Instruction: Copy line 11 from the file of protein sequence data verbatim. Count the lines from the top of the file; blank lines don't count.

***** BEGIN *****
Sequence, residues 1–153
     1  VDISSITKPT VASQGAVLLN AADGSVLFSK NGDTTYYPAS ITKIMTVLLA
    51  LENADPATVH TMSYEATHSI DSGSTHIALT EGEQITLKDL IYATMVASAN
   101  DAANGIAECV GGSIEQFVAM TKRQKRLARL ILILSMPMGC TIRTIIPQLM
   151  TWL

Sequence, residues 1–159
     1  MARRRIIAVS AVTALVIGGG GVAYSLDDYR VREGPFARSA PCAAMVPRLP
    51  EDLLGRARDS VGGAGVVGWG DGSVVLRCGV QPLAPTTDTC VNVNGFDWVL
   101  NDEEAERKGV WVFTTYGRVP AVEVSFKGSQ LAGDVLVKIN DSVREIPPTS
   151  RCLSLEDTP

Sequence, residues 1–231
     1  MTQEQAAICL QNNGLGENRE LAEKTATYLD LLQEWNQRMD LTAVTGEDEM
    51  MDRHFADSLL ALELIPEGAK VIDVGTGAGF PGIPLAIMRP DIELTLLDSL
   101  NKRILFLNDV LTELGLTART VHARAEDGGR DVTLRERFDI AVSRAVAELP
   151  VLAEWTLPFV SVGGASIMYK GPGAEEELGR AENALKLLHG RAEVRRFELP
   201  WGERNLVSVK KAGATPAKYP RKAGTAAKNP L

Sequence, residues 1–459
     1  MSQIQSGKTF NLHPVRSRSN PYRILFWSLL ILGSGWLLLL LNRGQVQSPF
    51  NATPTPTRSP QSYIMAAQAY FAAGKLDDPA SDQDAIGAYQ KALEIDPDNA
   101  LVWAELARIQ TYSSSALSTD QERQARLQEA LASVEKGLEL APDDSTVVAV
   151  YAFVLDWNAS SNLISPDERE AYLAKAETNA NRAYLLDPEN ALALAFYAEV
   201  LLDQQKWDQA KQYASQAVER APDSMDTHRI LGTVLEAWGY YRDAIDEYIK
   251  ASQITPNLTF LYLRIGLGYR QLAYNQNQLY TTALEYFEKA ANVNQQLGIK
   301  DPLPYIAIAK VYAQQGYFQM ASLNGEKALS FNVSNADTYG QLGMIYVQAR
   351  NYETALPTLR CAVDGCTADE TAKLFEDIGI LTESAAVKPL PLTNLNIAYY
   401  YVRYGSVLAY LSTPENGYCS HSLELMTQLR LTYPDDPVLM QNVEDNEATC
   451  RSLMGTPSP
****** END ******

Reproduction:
Sequence, residues 1–231